Damian Espinase Nandorfy

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Senior Scientist

Damian will be speaking in Session 9. Fresh Science B. Click here to see more. 


Grape amino acid concentrations are often measured in relation to fermentation performance. However, the most abundant amino acid in wine, L-proline, is not metabolised by yeast and is often not considered. L-proline and L-glutamic acid/glutamate concentrations can be found in red wine above their reported sensory detection thresholds. Overlooked by early wine flavour research, the question has remained, could amino acids play a role in wine flavour directly? A series of experiments assessed the sensory effect of proline and glutamate and their interactions with aroma compounds and polyphenols in red wine. L-proline was found to increase sweetness, viscosity and red fruit flavours, and decrease bitterness and astringency, while glutamic acid imparted umami taste. A blending study, aimed at correcting climate change-induced flavour deficiencies in wines from warm inland regions, assessed a high proline SA Riverland Cabernet Sauvignon wine blended with two other components. Optimal blends, as determined by consumer acceptance testing, contained a high proportion of the proline-rich wine, and displayed enhanced flavour and mouthfeel characters. Together these foundational studies elevate amino acids as a new and important class of taste-active compounds. These amino acids likely help to explain desirable ‘fruit sweetness’, ‘savoury’, ‘fullness’ and ‘soft tannins’ in dry reds.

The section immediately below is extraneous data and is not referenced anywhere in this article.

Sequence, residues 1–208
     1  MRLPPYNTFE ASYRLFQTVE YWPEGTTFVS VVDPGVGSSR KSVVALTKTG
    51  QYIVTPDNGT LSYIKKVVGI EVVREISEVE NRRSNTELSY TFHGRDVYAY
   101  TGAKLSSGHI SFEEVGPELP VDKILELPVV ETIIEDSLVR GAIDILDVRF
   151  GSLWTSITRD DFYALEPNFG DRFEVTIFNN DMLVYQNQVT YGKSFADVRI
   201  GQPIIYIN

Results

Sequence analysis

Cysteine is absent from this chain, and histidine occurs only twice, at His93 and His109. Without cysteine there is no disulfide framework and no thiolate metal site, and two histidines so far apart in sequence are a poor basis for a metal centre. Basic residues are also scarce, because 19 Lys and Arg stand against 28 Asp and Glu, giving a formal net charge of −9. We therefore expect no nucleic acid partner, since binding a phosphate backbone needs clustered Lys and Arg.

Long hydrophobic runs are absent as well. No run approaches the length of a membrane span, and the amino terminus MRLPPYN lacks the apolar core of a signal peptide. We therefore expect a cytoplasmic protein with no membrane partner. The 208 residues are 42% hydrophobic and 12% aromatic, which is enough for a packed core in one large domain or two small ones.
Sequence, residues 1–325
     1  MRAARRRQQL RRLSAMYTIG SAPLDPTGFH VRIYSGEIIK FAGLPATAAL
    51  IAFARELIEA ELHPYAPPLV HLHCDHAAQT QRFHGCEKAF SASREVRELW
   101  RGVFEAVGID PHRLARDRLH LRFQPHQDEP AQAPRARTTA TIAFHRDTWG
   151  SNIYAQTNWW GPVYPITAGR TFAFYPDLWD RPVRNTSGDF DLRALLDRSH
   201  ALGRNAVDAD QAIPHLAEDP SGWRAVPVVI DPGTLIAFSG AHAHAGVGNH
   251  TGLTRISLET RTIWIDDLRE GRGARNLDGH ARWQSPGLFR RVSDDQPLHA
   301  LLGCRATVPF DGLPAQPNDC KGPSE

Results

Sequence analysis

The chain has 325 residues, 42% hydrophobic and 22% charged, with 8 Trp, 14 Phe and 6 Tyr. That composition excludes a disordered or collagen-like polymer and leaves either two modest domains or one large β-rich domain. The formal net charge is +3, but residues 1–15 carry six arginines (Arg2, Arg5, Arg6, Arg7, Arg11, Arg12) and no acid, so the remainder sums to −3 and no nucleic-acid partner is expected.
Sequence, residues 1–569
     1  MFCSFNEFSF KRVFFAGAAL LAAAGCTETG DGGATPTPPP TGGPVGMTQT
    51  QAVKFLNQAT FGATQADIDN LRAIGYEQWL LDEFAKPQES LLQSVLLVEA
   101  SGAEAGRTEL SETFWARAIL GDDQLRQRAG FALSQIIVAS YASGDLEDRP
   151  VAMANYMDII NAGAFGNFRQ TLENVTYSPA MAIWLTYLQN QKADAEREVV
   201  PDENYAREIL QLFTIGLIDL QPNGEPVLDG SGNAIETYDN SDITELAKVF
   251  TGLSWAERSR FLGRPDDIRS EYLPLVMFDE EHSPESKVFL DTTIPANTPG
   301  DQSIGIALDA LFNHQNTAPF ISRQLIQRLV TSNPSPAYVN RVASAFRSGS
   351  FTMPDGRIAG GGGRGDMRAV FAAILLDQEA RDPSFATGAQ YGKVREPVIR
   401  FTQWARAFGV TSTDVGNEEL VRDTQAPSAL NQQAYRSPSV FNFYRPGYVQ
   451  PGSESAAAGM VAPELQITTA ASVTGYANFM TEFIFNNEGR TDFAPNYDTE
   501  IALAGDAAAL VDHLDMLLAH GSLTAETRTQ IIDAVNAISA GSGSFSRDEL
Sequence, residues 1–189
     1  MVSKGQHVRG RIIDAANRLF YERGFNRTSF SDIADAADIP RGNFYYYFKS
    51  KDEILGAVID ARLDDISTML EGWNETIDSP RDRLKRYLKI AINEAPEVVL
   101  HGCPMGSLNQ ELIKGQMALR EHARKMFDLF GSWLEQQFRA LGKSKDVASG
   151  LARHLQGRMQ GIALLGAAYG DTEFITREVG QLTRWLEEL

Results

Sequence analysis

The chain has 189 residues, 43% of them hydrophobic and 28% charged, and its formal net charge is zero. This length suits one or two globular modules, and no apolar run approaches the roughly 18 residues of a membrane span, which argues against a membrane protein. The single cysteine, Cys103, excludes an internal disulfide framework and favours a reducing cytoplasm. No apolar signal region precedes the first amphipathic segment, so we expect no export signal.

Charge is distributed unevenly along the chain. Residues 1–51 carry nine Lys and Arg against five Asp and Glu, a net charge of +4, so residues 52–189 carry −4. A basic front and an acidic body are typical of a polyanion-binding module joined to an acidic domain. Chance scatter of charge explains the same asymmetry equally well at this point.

Sensory Scientist Damian Espinase Nandorfy is a member of the Sensory and Flavour Research teams at the Australian Wine Research Institute in Adelaide, South Australia. Damian has over fifteen years of experience selling, making, researching, and enjoying wine. Originally from Canada, Damian holds an honours degree in Viticulture & Oenology from Brock University, a post-graduate certificate in Sensory & Consumer Science from UC Davis and is currently undertaking a PhD through the CASS Food Research Centre at Deakin University investigating the perceptual interactions of wine flavour compounds. Damian’s research focuses on relating ‘key’ food and beverage compounds, and their interactions, with sensory properties and consumer acceptance. He has a strong interest in neuroscience and views disciplines such as neurophysiology as the missing link between flavour chemistry and sensory science. His research studies seek to incorporate aspects of fundamental neurophysiological research with classical sensory and consumer science methods to help explain our everyday experience of beverages such as wine.